This sets up today’s text for our consideration. Fifty days after Christ’s resurrection, the followers of Christ in Jerusalem, about 120 in number, gathered in a house. Some think that it was the same house where they had celebrated the Last Supper. Our text doesn’t tell us why they’d gathered, but it’s not much of a leap to suggest that this was the Divine Service, including the Lord’s Supper. It was, after all, a Sunday morning, and the whole Christian community had gathered. It was also a mere 10 days after Jesus had ascended into heaven, and when he had told them, “Remain in Jerusalem until you receive the Holy Spirit who will empower you to be my witnesses in Jerusalem and in all Judea and Samaria, and to the end of the earth.” That is, to all nations, as he had commanded them to go and make disciples. All nations, all tongues and languages.
During this gathering around Word and Sacrament for the divine service, a special manifestation of the Holy Spirit was poured out on them. Tongues of fire rested on their heads. The sound of a great rushing wind drew the people of Jerusalem to that place. The followers of Jesus, or perhaps just the apostles, were there praising God in loud voices. They were praising God by speaking of all that God had done in Christ. And miraculously, everyone in the crowd heard them speaking in his or her own language, languages from nearby and from far away nations. Languages from all over the known civilized world at that time. We don’t know the mechanics of this, whether the apostles were suddenly speaking languages that they hadn’t previously known, or if the people’s ears miraculously translated the words into their own languages. We have no way to know this. But what is key is that they had perfect understanding. They were hearing about what God had done through Christ, and they were understanding it perfectly.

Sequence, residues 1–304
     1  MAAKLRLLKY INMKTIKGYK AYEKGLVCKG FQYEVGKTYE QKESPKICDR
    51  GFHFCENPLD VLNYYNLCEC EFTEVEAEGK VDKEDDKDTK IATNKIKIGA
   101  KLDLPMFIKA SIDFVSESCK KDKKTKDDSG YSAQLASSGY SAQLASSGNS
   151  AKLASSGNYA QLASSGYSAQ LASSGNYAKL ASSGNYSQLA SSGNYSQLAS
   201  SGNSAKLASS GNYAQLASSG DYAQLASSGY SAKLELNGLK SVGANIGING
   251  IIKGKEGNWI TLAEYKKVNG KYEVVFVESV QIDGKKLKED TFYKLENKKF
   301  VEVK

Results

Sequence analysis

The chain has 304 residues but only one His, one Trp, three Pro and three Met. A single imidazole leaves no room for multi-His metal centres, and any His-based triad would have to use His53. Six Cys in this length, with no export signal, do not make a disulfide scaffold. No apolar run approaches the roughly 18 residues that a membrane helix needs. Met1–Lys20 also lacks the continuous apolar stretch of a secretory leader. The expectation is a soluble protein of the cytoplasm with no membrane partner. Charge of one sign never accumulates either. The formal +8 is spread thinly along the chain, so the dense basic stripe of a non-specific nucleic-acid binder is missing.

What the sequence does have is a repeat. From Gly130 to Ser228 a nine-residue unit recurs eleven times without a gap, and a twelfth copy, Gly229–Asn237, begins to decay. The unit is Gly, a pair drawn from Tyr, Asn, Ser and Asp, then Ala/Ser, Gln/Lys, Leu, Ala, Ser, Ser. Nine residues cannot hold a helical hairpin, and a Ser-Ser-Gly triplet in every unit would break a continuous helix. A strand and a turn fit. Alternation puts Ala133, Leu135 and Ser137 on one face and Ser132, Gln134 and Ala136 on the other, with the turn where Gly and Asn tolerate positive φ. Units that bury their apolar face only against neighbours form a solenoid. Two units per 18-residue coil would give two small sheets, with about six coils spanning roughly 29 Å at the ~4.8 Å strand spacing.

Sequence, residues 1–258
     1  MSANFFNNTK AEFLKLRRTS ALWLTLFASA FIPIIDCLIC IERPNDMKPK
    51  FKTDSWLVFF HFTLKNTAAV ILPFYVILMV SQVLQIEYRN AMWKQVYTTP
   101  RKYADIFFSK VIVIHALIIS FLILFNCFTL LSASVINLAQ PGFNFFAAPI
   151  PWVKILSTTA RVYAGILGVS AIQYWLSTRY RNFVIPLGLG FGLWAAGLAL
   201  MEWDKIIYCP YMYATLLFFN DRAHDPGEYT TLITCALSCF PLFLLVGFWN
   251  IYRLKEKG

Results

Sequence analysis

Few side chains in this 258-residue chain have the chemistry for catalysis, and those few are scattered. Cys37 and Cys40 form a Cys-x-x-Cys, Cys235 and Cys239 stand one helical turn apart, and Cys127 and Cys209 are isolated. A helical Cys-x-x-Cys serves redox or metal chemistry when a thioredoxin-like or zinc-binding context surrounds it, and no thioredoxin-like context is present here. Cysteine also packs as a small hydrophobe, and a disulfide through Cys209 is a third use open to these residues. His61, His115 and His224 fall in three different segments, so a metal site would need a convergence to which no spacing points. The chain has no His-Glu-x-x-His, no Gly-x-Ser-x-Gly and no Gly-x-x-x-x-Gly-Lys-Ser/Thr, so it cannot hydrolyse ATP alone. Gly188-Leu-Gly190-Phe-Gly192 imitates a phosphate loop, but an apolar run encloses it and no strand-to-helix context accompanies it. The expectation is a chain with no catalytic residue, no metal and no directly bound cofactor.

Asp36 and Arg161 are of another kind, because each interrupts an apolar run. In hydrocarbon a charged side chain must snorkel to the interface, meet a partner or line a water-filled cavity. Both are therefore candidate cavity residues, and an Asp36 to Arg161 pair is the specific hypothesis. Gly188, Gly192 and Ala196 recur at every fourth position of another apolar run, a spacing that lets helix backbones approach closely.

It’s important to make clear that the tongues or languages here in our text were existing human languages. This is not some special Holy Spirit language. The text is crystal clear on this point and even mentions several of the languages. V 6: “Each one was hearing them speak in his own language. And they were amazed and astonished, saying, ‘Are not all these who are speaking Galileans? And how is it that we hear, each of us in his own native language? Parthians and Medes and Elamites and residents of Mesopotamia’?” and all the rest. God is not a God of confusion. He does not want to create chaos. His desire is clear communication. This is very different from the supposed speaking in “tongues” that we see in Pentecostal or charismatic churches today. This is not a question of interpretation, but the clear reading of the text. Our text is talking about existing human languages and precludes this modern so-called speaking in tongues. The thing we see in charismatic circles was not what was happening here on Pentecost.
Why is this important? Because faith comes by hearing the Word of God. The Church is the people of God—the believers in Jesus Christ. But believers do not exist apart from the hearing of the Word of God. If people are not told about Jesus Christ and what Christ has done for them, they cannot believe it. So while the Church is the people of God, it never exists apart from the marks of the Church—Word and Sacrament. Without the message that Christ died on the cross for your sins, the Church does not exist. And so we see this at Pentecost. The crowd gathered because of the complex miracles that were taking place. The text says, “All were amazed and perplexed, saying to one another, ‘What does this mean?’?” (v 12). But the people do not come to faith until Peter has preached the Word of God to them.